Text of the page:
31. THANK YOU, alexmagic, for bringing a clear-headed view to this topic. For what it’s worth, I fully support the initiative to build off this apocryphal scenario. Brian Epstein might have made a good Billy Baggins – or better yet, how about Hamburg-era Little Richard in that role? Admittedly I only know the movie version of this story, but I’ll do my best to pitch in. Who plays the character that was eventually played by the handsome, former husband of Exene? How about Clapton? His work in the Tommy movie is severely underrated.

  32. Oh man! That’s genius! It’s practically “Zoo Animals on Wheels”! Looks like a serious contender to me.

  33. BigSteve

    I love that it’s myths AND legends.

  34. misterioso

    I think so, yes!

  35. misterioso

    Bobby B., I agree that All the Best Cowboys is at times awkward and uncomfortable, but it also has some great stuff, including Slit Skirts, which contains the offendingly narcissistic line. (That line always cracks me up, and I’d like to think Pete knows how self-absorbed it is.)

  36. misterioso

    If I considered Yes a height from which this is a notable dropping off, I think I would vote for this just based on your description.

  37. Well, relatively speaking…

  38. And it’s not even Yes but just one member. Also, I’d say Yes, like KISS, was constructed for Zardozian depths.

    It’s too bad Dylan’s 19-hour film from the ’70s wasn’t contained in anything beyond an album. What’s it called, Renaldo and the Loaf? Renaldo and the Claire de Lune? I’ve never seen it, but had all that energy gone into an album we might have had the pleasure of contemplating Dylan in a mankini.

  39. tonyola

    Not only do I remember Moraz’s album, it’s in my collection!

    As for Wakeman, most of his big-theme records are overstuffed crap. Journey to the Center of the Earth and King Arthur are terrible and normally I like pretentious stuff. His only remotely listenable theme album is Six Wives of Henry VIII, which at least doesn’t have choruses and orchestras.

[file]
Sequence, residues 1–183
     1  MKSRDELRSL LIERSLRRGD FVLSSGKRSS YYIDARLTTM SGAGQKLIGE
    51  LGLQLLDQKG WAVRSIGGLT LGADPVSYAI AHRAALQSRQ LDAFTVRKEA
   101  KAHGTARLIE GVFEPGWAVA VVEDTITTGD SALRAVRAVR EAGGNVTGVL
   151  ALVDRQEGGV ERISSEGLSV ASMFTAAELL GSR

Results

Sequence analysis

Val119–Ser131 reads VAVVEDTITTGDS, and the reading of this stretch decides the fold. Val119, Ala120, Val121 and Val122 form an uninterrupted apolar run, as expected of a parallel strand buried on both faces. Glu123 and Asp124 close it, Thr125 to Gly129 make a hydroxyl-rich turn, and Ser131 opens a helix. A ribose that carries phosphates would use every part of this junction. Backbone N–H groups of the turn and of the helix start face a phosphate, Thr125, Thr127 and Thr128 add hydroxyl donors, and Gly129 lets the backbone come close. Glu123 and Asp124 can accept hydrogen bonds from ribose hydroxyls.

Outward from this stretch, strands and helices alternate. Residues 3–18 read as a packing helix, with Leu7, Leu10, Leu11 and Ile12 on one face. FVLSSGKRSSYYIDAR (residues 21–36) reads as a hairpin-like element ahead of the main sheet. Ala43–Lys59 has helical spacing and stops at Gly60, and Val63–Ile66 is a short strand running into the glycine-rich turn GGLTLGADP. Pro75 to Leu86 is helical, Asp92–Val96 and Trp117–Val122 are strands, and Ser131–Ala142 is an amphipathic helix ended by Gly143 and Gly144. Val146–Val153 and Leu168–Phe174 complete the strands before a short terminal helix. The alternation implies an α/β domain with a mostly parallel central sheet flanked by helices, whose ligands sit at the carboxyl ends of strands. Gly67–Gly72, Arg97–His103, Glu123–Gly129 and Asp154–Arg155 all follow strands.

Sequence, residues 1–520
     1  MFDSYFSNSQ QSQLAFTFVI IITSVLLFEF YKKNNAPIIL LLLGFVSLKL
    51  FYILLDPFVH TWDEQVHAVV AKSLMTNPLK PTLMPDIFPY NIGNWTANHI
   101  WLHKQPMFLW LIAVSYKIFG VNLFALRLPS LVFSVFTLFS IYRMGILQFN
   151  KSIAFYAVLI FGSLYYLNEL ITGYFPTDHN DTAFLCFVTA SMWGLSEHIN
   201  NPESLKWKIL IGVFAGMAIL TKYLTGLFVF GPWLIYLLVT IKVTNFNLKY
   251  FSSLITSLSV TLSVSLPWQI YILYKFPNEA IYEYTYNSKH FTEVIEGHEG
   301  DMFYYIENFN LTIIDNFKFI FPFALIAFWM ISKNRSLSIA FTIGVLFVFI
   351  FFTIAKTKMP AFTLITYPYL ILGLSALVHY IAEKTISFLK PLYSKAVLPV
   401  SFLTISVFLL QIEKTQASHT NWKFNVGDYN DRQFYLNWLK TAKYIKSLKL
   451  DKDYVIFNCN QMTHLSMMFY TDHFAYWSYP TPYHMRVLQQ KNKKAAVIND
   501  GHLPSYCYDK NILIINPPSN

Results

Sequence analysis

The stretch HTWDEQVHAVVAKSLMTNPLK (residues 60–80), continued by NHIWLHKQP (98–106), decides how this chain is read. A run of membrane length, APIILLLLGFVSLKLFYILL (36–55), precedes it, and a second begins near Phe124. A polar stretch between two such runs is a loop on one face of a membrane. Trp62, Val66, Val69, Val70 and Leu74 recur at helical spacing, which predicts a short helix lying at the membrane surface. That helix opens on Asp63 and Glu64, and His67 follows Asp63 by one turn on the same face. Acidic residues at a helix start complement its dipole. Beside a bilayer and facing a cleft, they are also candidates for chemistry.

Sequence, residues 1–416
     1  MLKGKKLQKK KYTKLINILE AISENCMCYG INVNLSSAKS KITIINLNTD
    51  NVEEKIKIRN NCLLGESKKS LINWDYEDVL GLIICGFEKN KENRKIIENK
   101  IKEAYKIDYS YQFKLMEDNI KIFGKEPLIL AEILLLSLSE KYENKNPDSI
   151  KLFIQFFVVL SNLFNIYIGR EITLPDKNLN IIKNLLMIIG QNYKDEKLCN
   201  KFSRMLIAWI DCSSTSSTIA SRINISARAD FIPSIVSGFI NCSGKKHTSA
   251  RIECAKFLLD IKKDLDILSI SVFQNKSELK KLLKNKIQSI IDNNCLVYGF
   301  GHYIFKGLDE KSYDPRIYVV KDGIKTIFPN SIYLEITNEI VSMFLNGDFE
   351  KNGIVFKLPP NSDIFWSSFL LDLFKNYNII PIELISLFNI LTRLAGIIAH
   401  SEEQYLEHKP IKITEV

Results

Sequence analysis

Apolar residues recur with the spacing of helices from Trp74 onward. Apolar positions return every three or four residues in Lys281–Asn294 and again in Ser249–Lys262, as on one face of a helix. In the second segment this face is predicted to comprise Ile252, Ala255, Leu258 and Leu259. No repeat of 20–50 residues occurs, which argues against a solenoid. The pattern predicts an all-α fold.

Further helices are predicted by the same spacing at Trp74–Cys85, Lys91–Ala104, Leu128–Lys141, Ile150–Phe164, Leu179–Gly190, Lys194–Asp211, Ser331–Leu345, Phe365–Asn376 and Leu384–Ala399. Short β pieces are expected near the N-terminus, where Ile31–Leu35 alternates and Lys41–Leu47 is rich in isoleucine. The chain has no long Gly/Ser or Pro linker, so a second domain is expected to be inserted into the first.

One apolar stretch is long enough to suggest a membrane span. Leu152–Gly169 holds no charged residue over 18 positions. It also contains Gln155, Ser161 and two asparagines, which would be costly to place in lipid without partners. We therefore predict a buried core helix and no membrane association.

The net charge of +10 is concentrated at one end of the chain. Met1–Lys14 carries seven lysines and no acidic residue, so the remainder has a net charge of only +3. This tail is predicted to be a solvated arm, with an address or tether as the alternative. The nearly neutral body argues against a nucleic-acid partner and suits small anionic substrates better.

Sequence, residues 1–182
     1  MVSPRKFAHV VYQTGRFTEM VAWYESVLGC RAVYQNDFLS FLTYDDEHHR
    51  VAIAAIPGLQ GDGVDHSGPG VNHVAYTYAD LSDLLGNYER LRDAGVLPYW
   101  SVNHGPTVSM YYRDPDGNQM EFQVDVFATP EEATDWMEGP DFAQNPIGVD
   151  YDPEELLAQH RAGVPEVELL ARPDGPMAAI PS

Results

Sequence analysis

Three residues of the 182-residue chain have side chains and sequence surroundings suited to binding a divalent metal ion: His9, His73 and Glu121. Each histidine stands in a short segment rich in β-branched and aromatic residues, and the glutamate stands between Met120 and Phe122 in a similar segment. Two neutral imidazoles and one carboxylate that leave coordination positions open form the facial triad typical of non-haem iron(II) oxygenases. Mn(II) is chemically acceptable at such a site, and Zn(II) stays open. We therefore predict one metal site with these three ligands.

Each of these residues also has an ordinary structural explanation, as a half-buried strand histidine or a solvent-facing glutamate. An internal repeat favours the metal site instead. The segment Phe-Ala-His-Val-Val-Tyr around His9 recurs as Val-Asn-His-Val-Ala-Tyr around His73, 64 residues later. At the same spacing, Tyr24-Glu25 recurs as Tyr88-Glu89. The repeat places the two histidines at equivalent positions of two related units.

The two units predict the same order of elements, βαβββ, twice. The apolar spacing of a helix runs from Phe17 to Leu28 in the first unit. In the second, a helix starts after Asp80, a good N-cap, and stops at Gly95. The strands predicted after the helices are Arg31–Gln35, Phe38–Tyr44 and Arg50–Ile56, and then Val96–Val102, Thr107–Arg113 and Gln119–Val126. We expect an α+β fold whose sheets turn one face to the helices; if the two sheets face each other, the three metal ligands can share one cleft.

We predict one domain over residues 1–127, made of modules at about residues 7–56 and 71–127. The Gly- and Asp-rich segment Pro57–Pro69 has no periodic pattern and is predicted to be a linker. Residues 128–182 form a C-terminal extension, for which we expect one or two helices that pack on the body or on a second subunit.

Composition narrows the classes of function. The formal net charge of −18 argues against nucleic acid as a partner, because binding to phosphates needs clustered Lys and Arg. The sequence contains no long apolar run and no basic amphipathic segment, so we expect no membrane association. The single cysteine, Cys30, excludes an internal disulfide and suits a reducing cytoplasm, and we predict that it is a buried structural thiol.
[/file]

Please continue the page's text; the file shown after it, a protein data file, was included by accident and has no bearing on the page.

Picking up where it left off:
40. tonyola

    Yes, Music From the Body is pretty bad. Much of it was composed by Water’s friend Ron Geesin, who also helped out with the orchestrations and choruses on Atom Heart Mother.

  41. misterioso

    It’s a mere 4 hours. It only feels like 19 hours. And, disappointingly (for the purposes of this discussion), the music is mostly excellent, being from the Rolling Thunder Revue shows.

  42. “Renaldo and Clarabell”, I think. Isn’t that why he was wearing clown makeup during that period?

  43. But you see what I mean about him pouring his vision into the music, rather than staging a film, which by most accounts is unwatchable? It’s easy for a musician to make a spectacularly bad movie, but more difficult to achieve such a spectacularly bad feat in their given medium.

  44. Sorry, I should have typed “interesting,” not “bad.”

  45. tonyola

    I have the first two CDs of the Lifehouse Chronicles box set, and there is a hell of a lot of great music on them. Most of the songs were on other Who albums and early Townshend solo albums, but they’re substantially different and surprisingly fully developed – much more so than on the Scoop records. These are not fragments. Look at this list of song titles: